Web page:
The first group consists of the monarchists and those opposed to the federal secular republic. The discontent of this group, once influential via the old monarchical state’s networks, is well known. Representing the right wing conservative strain within Nepali society, it counts under its umbrella the traditional Kathmandu elite. While the monarchist strain of such politics can be labelled a fringe political demand for now, the fact that republican Nepal has decided to continue sheltering itself under monarchist ideals of nationalism means their influence on other discontented groups cannot be discounted, especially among the younger generation.
The geriatric nature of our politics means our leaders are no longer connected with the youth. One of the most revealing figures from this election is that while half of the voters are under the age of 40, two-thirds of all candidates are above the age of 40. Our leaders may believe it will be difficult to replicate Balen Shah’s victory in non-urban areas, but it would be a grave error to assume so. By rejecting those pursuing the #NoNotAgain campaign as araajak (anarchic) and labelling them as "irresponsible" as former prime minister Baburam Bhattarai has done, our leaders have shown how clueless they are about the simmering discontent among the youth, and are ignoring them at their own peril.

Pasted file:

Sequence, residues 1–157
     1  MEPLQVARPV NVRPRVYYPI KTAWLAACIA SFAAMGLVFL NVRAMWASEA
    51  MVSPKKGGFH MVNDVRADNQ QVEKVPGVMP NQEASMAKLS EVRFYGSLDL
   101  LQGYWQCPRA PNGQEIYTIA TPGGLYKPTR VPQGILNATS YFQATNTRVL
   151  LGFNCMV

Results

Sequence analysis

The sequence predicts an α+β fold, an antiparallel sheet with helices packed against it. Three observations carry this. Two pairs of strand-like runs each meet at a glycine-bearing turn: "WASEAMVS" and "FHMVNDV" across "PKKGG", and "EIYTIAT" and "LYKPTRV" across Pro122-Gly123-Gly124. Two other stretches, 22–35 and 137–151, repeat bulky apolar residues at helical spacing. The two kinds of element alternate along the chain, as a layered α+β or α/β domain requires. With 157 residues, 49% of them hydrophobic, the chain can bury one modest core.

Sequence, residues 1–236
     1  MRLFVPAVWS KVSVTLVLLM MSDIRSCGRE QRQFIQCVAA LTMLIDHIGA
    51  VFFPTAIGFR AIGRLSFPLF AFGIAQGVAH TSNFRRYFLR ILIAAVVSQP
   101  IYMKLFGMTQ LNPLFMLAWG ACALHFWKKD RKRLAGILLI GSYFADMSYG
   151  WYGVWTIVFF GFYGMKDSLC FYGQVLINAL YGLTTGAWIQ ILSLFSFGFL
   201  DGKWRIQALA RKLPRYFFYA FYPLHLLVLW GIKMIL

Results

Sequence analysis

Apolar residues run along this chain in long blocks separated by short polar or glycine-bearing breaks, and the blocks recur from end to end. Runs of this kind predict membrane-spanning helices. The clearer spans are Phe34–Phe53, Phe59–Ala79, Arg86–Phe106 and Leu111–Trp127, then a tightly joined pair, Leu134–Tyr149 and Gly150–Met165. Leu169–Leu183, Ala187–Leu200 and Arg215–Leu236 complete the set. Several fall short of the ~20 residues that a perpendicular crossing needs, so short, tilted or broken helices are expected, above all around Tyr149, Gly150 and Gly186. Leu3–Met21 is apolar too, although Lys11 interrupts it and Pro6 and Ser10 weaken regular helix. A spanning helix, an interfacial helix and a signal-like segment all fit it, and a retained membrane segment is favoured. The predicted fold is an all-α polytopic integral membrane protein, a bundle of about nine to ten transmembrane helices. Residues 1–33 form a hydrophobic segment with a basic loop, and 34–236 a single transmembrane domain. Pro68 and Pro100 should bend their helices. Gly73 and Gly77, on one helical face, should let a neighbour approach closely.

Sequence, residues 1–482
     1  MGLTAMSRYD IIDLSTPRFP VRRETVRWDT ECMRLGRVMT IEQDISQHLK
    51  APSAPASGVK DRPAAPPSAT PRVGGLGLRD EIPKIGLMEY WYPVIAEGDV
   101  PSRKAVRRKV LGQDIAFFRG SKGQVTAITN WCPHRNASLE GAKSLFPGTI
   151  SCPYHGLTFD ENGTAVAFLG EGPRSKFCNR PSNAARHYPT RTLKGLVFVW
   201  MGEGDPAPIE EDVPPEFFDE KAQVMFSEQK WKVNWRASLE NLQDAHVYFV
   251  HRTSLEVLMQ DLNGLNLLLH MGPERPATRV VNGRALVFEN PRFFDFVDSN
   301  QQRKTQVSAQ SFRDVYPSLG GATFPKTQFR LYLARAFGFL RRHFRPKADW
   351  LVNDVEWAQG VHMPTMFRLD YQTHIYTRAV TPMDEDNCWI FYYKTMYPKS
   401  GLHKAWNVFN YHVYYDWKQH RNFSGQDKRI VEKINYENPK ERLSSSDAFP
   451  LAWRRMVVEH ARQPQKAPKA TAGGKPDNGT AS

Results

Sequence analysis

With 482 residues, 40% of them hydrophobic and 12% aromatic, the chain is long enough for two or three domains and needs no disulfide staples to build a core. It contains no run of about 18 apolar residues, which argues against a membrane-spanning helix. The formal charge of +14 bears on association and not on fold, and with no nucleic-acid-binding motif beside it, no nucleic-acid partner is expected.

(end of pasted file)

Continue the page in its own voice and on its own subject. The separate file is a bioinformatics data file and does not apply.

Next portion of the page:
The third strand of discontent comes from left progressives, who believe traditional parties have weakened the federal republic and strayed from the demands that made the 2006 revolution possible. Our leaders claim to be the progenitors of the republic, but have ensured that the provinces turn into a fiscal burden on the exchequer. Women, Dalits and Janajatis have been short-changed once again. For a country priding itself on its woman head of state, women make up fewer than 10 percent of all candidates.
There is widespread frustration that the ideals of the republic have been trashed into the Bagmati, and Nepali politics has lost its moral centre by indulging in widespread corruption and middleman deals. It appears as if all the parties have made a deal to not raise corruption as an issue. Nothing else explains the absolute silence of all parties on the many scams–the Omni scam, the Baluwatar land scam, the CCTV scam—that have plagued the nation in the past five years alone. The worst part: None of it is shocking.